Project Ice Weasel

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Project Ice Weasel

PostPosted by TheComet » 04 Jul 2016, 23:12

I finally feel comfortable enough using Urho3D to begin working on a game with a team. We've envisioned a multiplayer first person shooter with a kind of cyber-punk, perhaps "surreal" atmosphere at times.

One unique feature of this game will be "localized gravity". I've modded the editor to allow placement of "gravity probes", which can be seen in the following screen shot as blue arrows:

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Each probe defines a directional vector and a multiplier. The scene can be queried for gravitational forces at any location in 3D space. The system is very rough right now (I search for the closest probe and just directly use its direction and force, so transitions are very jagged), but I was thinking about building a tetrahedral mesh out of the probes and use some form of spacial partitioning to decrease lookup time. That way you can query in which tetrahedron you're in and interpolate the gravity parameters between its 4 vertices, and transitioning between probes would be smooth and unnoticeable.

With this system it will be possible to create things a là M.C. Escher, but most likely we'll be going for something less drastic and less confusing. Having half of the map at a 90° angle could open some interesting tactics for snipers, as they'd be able to shoot across half of the map.

Here is a video:

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Re: Project Ice Weasel

PostPosted by hd_ » 04 Jul 2016, 23:48

Wow that's a really cool concept ! The projectiles will follow localized gravity too?
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Re: Project Ice Weasel

PostPosted by TheComet » 05 Jul 2016, 00:25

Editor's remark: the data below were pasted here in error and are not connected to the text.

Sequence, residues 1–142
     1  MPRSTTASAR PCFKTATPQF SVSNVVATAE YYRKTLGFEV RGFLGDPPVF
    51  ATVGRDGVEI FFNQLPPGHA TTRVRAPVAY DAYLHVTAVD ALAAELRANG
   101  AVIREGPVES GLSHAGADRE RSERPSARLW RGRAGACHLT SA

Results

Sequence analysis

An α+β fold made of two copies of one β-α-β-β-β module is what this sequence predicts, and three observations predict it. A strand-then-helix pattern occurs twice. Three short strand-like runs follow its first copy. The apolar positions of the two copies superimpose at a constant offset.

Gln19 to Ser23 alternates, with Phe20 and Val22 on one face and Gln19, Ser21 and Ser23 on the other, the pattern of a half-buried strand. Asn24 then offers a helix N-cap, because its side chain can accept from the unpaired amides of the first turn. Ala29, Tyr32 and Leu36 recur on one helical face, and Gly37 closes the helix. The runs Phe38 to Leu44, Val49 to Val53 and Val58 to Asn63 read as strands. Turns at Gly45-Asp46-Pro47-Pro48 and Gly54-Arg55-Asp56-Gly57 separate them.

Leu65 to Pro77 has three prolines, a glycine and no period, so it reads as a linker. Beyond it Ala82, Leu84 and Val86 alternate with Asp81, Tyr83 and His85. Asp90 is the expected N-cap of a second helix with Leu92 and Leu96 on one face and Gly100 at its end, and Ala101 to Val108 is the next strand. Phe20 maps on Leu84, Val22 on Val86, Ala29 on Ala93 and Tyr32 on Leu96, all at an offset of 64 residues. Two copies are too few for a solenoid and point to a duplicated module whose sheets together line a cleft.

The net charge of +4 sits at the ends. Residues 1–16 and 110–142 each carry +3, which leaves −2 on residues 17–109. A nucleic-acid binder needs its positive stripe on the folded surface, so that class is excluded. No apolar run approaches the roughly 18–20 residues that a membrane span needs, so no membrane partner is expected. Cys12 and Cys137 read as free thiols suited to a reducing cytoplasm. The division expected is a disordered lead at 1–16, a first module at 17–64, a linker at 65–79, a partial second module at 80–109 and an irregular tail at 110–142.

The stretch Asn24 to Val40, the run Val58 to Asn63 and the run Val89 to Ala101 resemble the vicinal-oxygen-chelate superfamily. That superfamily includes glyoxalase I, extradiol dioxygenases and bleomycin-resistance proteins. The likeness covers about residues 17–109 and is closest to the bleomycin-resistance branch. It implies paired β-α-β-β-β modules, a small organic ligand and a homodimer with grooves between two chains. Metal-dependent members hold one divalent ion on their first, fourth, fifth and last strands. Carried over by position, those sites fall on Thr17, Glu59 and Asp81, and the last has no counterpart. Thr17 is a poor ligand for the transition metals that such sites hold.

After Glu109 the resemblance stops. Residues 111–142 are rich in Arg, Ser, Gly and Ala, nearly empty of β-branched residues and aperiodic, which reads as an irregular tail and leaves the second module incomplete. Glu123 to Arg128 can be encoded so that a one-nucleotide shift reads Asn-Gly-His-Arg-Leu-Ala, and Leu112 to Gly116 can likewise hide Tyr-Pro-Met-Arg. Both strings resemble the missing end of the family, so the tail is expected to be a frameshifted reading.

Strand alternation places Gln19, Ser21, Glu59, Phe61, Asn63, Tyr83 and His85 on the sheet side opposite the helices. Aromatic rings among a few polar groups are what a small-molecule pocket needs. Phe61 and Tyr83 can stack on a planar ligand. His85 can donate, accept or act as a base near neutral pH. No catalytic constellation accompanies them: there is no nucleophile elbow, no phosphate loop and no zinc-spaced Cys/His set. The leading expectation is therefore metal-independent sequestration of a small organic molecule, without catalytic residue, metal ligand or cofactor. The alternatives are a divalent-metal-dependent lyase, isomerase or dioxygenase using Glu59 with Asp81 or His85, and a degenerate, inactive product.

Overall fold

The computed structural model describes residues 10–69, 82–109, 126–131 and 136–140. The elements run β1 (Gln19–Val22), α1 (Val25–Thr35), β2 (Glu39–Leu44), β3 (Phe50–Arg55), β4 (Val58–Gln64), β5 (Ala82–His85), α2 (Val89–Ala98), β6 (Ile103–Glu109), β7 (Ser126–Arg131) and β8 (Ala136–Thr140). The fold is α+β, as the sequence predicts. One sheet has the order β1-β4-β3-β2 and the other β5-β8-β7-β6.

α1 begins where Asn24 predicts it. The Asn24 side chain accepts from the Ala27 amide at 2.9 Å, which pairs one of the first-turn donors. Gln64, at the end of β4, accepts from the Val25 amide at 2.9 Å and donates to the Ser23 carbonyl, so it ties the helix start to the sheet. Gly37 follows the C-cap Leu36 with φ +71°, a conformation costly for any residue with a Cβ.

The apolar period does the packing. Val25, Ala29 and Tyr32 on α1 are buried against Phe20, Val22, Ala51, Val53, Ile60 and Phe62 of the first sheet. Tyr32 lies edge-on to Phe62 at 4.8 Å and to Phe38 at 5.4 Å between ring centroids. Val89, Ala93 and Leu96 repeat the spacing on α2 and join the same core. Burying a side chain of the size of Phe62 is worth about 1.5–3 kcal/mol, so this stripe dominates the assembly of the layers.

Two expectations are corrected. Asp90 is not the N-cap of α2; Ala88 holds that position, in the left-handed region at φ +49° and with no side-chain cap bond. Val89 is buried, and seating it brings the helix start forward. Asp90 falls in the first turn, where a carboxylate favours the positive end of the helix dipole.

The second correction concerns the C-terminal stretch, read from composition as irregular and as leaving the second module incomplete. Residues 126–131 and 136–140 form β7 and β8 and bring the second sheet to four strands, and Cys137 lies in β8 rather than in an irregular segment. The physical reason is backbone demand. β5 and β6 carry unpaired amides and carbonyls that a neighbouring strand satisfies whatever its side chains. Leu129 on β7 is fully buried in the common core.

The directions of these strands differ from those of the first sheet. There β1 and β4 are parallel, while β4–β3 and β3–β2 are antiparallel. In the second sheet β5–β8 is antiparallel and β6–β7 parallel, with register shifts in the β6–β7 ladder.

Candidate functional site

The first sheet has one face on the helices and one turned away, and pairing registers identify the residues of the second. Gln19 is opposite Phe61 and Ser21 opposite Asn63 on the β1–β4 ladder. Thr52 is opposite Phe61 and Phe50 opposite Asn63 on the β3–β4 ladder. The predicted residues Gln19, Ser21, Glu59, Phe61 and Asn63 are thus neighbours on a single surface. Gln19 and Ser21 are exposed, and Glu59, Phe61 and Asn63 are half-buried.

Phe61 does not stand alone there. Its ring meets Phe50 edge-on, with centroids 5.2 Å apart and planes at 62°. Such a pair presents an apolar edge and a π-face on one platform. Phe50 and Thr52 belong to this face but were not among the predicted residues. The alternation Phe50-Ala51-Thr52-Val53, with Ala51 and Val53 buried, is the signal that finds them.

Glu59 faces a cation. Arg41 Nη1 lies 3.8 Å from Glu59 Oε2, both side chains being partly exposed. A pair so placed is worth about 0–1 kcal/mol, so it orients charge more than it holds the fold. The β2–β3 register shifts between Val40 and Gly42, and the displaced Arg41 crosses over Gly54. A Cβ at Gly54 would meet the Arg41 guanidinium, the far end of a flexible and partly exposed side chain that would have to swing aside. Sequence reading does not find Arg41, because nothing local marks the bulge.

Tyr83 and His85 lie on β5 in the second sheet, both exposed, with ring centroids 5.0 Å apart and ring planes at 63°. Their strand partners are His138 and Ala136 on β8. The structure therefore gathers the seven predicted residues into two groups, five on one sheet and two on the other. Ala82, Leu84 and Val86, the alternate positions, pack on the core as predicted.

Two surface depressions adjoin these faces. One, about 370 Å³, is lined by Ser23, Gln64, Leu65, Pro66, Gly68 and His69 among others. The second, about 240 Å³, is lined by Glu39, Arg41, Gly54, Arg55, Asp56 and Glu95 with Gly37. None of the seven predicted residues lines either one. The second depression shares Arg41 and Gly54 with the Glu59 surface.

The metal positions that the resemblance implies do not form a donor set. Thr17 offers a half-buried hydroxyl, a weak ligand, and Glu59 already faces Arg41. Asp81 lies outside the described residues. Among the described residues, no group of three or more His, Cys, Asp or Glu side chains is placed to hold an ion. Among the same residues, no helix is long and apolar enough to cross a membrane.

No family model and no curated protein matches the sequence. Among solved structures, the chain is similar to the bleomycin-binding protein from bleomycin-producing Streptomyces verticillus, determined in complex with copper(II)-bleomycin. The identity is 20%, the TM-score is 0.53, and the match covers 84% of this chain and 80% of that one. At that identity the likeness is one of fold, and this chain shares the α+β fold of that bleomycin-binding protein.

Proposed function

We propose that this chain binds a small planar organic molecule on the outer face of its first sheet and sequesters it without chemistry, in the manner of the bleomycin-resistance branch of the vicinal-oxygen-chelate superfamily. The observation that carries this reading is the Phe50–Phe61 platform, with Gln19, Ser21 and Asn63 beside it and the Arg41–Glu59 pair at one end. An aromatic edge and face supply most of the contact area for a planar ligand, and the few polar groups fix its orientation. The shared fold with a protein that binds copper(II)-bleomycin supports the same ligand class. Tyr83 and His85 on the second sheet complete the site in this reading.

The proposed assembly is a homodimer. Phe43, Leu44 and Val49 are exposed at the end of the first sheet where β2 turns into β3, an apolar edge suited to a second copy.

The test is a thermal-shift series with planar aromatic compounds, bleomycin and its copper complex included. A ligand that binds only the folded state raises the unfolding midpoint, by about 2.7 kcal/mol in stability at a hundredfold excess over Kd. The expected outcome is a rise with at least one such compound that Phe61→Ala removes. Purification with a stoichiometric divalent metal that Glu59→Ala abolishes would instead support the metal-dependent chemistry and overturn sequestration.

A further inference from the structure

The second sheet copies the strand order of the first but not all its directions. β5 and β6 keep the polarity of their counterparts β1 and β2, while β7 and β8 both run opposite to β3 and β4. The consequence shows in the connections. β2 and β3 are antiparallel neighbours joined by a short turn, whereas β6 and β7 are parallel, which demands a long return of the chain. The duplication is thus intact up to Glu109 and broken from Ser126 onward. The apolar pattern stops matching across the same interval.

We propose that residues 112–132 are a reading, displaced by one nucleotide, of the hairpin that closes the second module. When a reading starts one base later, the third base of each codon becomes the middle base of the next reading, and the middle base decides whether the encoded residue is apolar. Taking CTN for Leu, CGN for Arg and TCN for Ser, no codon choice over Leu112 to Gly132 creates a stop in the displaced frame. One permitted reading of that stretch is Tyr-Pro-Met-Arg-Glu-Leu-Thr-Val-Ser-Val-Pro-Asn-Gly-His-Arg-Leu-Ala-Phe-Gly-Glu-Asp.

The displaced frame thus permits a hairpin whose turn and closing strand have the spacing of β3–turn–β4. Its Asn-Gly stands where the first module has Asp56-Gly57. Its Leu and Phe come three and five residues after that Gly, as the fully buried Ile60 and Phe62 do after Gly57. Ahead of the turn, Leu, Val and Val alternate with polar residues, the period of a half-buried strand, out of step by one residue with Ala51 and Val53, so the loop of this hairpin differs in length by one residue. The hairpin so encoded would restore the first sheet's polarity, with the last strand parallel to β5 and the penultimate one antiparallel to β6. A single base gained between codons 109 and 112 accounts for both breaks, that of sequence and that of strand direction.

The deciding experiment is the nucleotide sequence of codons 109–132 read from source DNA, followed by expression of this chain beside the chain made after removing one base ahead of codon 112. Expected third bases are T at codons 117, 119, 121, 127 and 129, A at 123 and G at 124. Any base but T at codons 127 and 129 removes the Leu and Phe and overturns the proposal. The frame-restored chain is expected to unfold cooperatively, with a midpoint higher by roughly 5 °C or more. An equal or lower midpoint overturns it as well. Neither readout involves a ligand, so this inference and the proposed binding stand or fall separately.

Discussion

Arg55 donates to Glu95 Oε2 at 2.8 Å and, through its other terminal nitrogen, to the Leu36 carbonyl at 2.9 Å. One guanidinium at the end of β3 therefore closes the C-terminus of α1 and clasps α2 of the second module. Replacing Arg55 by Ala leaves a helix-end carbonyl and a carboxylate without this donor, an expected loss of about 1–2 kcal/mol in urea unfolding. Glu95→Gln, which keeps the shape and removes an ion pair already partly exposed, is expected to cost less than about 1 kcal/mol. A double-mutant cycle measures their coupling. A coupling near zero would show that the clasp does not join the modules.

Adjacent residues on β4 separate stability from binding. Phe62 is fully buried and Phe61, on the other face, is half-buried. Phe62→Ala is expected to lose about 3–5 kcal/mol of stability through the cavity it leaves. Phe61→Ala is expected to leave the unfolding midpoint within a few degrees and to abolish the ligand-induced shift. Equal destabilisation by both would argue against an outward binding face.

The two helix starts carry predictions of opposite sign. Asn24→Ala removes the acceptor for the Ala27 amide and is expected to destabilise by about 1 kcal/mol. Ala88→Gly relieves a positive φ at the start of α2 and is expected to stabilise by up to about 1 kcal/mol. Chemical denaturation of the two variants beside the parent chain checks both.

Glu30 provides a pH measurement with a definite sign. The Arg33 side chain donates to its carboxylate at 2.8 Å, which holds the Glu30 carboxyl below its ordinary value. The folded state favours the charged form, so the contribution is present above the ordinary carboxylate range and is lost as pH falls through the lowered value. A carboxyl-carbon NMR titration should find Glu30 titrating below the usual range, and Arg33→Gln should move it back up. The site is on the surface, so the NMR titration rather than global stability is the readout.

hd_ wrote:Wow that's a really cool concept ! The projectiles will follow localized gravity too?


If I choose to simulate projectiles with bullet, then yes! The physics engine will also use localized gravity instead of the PhysicsWorld gravity. Things like actual bullets might be too fast to be noticeably affected, but I can imagine throwing grenades could be interesting!
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Re: Project Ice Weasel

PostPosted by Enhex » 06 Jul 2016, 09:35

Have you thought about a system that will automatically handle gravity direction instead of gravity probes?
Probes add a lot of work to the level designer and human error is possible.
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Re: Project Ice Weasel

PostPosted by gawag » 09 Jul 2016, 16:58

Cool.
Reminds me of the gravity generators in SpaceEngineers: https://youtu.be/x2aI_yQc6do?t=2m13s
They have two types of generators by now. One has a box shaped field (with independebly adjustable height, width and depth as shown in the video) and pulls everything in this box with a specific force (adjustable between -10G and 10G or something).
The other is sphere shaped with a custom radius.
Both have a gravity which is range independent (the gravity has the same strength everywhere in the field) and the radius has a maximum of 50 meters or something like that.
If an object is inside multiple fields the vectors simply get added. If a player is in multiple fields he will be rotated towards the resulting direction vector (so if two fields are 90° to each other the player would be 45° between).

By now SpaceEngineers does also have planets with gravity and there the sphere shaped gravity "field" actually gets weaker depending on the distance until a certain distance with 0G is reached (in reality an objects gravity does stretch infinitely but can usually be neglected at some distance).